Posted by RhidWilliams on (November 13, 2013, 15:23 GMT)

@FrazerHockley, I think your example is flawed. If you captained England against Cook leading a country club B team, the relative merits of the teams would be taken into consideration, no?

Taking your views at face value, aren't you saying that without Clarke's captaincy, Australia would have lost by a heavier margin? And that without Cook dragging them down, England would also have done better?

A bad captain loses, makes bad decisions, has no clear strategy and doesn't have the team onside. Clarke is (maybe) an innovative and exciting captain. Cook is - by those standards - a good one.

Posted by sk123 on (November 13, 2013, 14:47 GMT)

As the author says, it's the emotional intelligence talking. Warnie feels then need to support his "friend" Clarke and I've a feeling that somewhere Clarke listens to Warnie's ideas and hence he's a good captain. Had Clarke captained Warnie and not listened to him, Clarke would have been just as unimaginative as Cook and just as bad as Ponting ;) In defence of Cook, he doesn't NEED to do anything different, he's winning without doing anything spectacular. Just like Waugh and Ponting did for most of their careers. We can only judge Cook when he plays without the Andersons and Pietersons and NEEDS to bring that imagination to the ground. As of now, he is doing what he needs to do with minimal fuss - winning the games. That may not make him a great captain, but it sure doesn't make him a bad captain - He right now is good enough.

Posted by   on (November 13, 2013, 11:56 GMT)

Sri Lanka 99. Warne rallied a dying team. but you talk about some ridiculous T20 franchise convention. not happy.

Posted by   on (November 13, 2013, 8:51 GMT)

Great article! As you know, captaincy has three plus two facets - a) Tactical ability and knowledge, b) man-management, the ability to get the best out of each player, and c) the ability to lead from the front. The main problems faced by any captain, mostly out of his control, are d) the abilities of his own players in comparison to those of the opposition, and e) the personalities and egos of the players at his disposal. At present, Alastair Cook ticks all these five boxes whereas there are question marks over Michael Clarke when it comes to b), d) and e). Even if Clarke is superior when it comes to a), the deficiencies in b, d and e ensure that Clarke is a losing captain whereas Cook is a winning one.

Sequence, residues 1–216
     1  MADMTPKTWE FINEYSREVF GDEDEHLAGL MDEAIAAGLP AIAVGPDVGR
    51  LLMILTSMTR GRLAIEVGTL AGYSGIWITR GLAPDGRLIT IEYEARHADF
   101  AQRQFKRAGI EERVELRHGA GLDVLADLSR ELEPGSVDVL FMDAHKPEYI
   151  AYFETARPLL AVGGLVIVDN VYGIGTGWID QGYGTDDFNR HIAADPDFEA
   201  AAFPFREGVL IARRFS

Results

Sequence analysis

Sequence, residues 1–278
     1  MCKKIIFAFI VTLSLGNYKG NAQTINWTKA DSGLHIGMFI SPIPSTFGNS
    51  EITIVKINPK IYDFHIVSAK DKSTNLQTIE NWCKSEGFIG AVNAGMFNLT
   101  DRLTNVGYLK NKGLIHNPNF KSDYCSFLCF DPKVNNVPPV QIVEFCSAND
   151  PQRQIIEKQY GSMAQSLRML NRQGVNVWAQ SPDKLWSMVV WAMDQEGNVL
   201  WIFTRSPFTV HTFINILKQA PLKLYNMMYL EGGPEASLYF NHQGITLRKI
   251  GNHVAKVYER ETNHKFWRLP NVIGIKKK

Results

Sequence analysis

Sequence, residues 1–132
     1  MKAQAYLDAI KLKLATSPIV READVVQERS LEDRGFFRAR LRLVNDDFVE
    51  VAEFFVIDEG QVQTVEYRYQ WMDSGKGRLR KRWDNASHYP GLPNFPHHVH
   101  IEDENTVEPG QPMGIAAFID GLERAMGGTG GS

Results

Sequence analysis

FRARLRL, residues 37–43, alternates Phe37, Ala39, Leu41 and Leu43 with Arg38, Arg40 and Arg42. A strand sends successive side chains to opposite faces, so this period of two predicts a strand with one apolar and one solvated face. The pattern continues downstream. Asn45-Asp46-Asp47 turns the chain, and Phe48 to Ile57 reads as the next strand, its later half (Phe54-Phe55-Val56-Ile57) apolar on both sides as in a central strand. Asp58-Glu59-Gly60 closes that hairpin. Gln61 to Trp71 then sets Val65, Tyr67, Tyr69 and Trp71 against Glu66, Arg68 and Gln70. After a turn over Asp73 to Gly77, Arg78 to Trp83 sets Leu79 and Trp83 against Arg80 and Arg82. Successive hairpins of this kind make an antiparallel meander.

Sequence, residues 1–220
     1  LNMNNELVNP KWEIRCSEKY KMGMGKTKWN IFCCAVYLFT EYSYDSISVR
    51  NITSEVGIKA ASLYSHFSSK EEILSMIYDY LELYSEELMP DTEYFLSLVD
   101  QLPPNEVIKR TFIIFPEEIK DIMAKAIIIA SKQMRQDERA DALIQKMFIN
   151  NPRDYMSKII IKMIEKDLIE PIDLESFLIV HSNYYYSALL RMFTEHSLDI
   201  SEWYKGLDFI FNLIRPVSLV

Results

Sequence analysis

Posted by   on (November 13, 2013, 8:29 GMT)

One thing i laugh about is how some people seem to defend cooks captaincy by saying hes won this and that etc etc, whilst clarkes captaincy has achieved nothing etc etc, so what you are trying to say, is if cook captained my B grade Country club cricket team, and i captained england against it, id be known as a better captain because I was winning? Its laughable. End of the day Cook is a bad captain on the field but just standard off. I mean as seen from the last ashes series, in the few times aus put the heat on england, it was KP who was leading that team talking to bowlers and even changing the odd field or 2, cause lets face it, cook is as boring and unimaginative as his batting. Clarke although off field not being perfect is so much better on field than cook that hes a better captain full stop, and when aus gets a few more decent bats, we will dominate world cricket again.

Posted by Nmiduna on (November 13, 2013, 7:01 GMT)

anyone who's been remotely following warne's twitter feed will know that Michael is exactly right about him. no disgrace for his unqualified talent and cricketing achievements and never mind his personal life scandals, but what annoys me most is he often takes his much respected status for granted and make comments for shock value or attention, may be he does it honestly, but still it isn't right and certainly is irresponsible!

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ABOUT THE AUTHOR

Michael Jeh
Born in Colombo, educated at Oxford and now living in Brisbane, Michael Jeh (Fox) is a cricket lover with a global perspective on the game. An Oxford Blue who played first-class cricket, he is a Playing Member of the MCC and still plays grade cricket. Michael now works closely with elite athletes, and is passionate about youth intervention programmes. He still chases his boyhood dream of running a wildlife safari operation called Barefoot in Africa.